What We've Accomplished So Far

Here is a timeline of events so far.

“Had it not been for the swift action of this group, there is every chance that these buildings would have been destroyed before legal proceedings were brought to identify the issues that will be decided in this application.” - Judge David Corbett

  • October 22, 2020: The Minister of Municipal Affairs and Housing, Steve Clark, issues a Minister's Zoning Order (MZO) for Lot 17/26 in the West Don Lands, the site of the former Dominion Wheel & Foundry company. The zoning order allows for three tall towers to be erected, but makes no mention of the fate of the four Heritage buildings on the site. Residents are alarmed and begin to organize, writing letters to Premier Ford and his Ministers, meeting with local City Councillors and MPPs, and publicizing issue social media. 

  • January 2021: Neighbours observe moderate activity on site (trucks driven in and out, personnel in visibility vests, people climbing buildings).

  • January 14, 2021: Heavy demolition equipment arrives. When asked what they were doing, a crew member says they are getting rid of all the buildings: "everything has to be gone by March". No City officials, City Councillors, or local MPPs were aware of these intentions. We learned that the Province does not require a demolition permit as the property is on Crown Lands and subject to an MZO. Local residents begin actively protesting via social media as Friends of the Foundry (Facebook | Twitter | Instagram) and start a petition. Local politicians and City officials work together with and for the community. 

  • January 18, 2021: The demolition company, QM Environmental, begins to break down the building at the northwest corner of the site (153 Eastern Ave), the old foundry. Residents from the buildings nearby and then from adjacent neighbourhoods rush to the scene, calling for the workers to stop. The media arrives. Local politicans arrive. The workers stop for the day. The petition reaches more than 7,000 signatures.

  • January 19, 2021: First news media arrive at 5:30am. Protesters and local politicians arrive soon after. Crew arrives at 7am to continue demolition. Protesters maintain a presence throughout the day, holding home made signs and voicing their displeasure.

  • January 20, 2021: Crews continue to work. Protesters begin meeting at noon each day to demonstrate. Mayor John Tory makes a statement, condemning the hurried demolition. Councillor Kristyn Wong-Tam tweets that the "affordable housing" portion of what's going up at the Foundry site is laughably insignificant compared to the Ford government's "1,000 affordable housing units" talking point. Friends of the Foundry starts a fundraising campaign to pursue a legal strategy to stop demolition. The petition passes 16,000 signatures. Lots of media attention (CBC, CBC Radio, CTV, Global, CityTV, CP24 and 680News) including a Toronto Star editorial that lays out perfectly our opposition points to the government. 

  • January 21, 2021: The St. Lawrence Neighbourhood Association files an injunction to stop demolition work at the Foundry site. The application is heard late in the day; the judge denies the temporary injunction but Minister Steven Clark agrees to "pause" the demolition until a hearing the following Wednesday. The demonstrations pause until Wednesday.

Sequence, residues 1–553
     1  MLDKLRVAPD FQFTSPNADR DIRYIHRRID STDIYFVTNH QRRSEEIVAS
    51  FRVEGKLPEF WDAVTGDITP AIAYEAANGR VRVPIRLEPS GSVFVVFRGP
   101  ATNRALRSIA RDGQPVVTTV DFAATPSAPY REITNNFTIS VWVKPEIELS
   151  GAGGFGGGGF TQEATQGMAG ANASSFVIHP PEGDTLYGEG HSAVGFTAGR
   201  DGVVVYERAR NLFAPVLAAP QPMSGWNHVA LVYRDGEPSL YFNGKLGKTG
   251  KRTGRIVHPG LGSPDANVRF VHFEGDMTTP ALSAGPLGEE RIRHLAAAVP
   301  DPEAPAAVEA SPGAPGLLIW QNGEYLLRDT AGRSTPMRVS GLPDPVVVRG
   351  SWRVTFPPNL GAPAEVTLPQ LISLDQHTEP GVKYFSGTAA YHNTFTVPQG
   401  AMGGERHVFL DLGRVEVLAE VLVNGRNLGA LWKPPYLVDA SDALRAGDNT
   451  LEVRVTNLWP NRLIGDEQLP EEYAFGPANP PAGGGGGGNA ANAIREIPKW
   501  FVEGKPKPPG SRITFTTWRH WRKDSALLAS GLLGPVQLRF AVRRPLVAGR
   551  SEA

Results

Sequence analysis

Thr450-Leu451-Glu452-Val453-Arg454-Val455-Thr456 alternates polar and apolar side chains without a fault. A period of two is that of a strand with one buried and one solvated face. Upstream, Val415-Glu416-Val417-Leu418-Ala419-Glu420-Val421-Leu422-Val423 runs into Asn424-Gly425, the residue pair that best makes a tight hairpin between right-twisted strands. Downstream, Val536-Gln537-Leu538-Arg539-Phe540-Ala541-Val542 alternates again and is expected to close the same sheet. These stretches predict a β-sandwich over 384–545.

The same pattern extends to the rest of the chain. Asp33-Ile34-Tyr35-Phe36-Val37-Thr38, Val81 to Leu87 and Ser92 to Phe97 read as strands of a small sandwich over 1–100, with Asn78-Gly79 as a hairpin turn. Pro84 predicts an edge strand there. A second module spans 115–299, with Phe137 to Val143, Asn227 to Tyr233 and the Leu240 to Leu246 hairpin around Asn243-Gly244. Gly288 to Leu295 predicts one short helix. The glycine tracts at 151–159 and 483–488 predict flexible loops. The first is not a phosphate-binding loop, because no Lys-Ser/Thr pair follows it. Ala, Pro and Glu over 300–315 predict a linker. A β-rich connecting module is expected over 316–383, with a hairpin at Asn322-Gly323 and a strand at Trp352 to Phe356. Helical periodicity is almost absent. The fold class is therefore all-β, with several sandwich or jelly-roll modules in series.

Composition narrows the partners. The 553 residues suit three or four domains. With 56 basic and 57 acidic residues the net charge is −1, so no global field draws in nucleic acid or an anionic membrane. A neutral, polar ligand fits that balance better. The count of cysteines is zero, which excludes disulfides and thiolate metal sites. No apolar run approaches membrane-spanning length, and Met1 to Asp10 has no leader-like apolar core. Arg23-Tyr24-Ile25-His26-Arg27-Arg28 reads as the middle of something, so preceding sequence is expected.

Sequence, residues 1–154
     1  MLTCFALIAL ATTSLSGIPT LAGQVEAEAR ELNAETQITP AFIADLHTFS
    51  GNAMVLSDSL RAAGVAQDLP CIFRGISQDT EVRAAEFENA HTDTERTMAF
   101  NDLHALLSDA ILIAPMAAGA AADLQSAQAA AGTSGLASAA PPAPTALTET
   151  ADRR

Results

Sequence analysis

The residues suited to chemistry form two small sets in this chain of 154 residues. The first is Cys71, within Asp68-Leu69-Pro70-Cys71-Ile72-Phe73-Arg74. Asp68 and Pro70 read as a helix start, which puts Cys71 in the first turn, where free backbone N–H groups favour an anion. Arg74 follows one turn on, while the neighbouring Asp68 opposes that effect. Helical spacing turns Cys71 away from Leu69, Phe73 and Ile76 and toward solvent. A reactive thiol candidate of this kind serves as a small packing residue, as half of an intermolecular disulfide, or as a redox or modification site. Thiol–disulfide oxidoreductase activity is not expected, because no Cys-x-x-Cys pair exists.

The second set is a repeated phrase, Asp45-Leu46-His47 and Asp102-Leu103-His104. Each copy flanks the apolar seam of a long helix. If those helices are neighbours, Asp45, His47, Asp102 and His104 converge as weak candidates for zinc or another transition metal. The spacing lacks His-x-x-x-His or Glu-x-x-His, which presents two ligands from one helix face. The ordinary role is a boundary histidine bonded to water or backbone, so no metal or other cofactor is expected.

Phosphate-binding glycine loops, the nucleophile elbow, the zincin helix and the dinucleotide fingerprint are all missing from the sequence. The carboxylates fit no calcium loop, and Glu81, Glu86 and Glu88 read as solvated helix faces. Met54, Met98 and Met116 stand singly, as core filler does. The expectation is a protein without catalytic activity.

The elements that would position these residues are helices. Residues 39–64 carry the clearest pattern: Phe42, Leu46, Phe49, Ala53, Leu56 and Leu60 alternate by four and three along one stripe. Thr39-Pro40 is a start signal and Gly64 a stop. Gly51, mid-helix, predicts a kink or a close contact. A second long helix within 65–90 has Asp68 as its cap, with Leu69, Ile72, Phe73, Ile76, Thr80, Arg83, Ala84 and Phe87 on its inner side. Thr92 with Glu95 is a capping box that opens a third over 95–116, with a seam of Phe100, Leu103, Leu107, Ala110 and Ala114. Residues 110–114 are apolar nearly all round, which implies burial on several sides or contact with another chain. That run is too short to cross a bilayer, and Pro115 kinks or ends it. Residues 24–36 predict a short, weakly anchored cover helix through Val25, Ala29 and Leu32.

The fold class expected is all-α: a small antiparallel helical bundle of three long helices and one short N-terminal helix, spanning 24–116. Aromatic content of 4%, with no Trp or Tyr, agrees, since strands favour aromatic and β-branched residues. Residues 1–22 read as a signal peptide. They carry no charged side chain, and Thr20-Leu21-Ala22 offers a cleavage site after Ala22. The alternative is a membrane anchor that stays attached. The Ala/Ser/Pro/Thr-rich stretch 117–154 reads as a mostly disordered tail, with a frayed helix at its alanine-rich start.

• January 27, 2021: We have a preliminary hearing in court. The SLNA lawyers are assisted by the City Legal Department, as respondent. The judge indicates he will not make a decision until January 29, but requests that the province voluntarily continue their pause in demolition until then. Peaceful demonstrations at noon each day resume. There are another two excellent columns in the Star by Shawn Micallef and Matt Elliott.

  • January 29, 2021: Justice Corbett issues a temporary halt to the demolition on the Foundry site. While this gives the Doug Ford-battered heritage buildings in our much beloved West Don Lands community a temporary reprieve, the fight is long from being over. We are grateful to the St. Lawrence Neighbourhood Association for this dogged fight, and their efforts were cited by Judge David Corbett in his findings. A full hearing is scheduled for February 26.
  • February 2, 2021: The matter is brought before Toronto City Council who vote 21-1 in favour of a motion calling on the province to stop demolition and start consultation. The Mayor as well as may Councillors speak warmly in favour of the motion.

  • February 12, 2021: 25 days after beginning the attempt at demolition, the Province launches a web page inviting people to email their comments on the site.
  • February 22, 2021: The hearing is adjourned (postponed) to give all parties more time to come to some kind of resolution. If they can’t reach a resolution, another court date will be set and the hearing will proceed.

  • February 24, 2021: The St. Lawrence Neighbourhood Association and the West Don Lands Committee combine their 2 x 30 minute "consultation" meeting time with the Province to allow a group of eminent architects and urban planners present demonstration ideas that show how heritage can be preserved while density achieved on the site.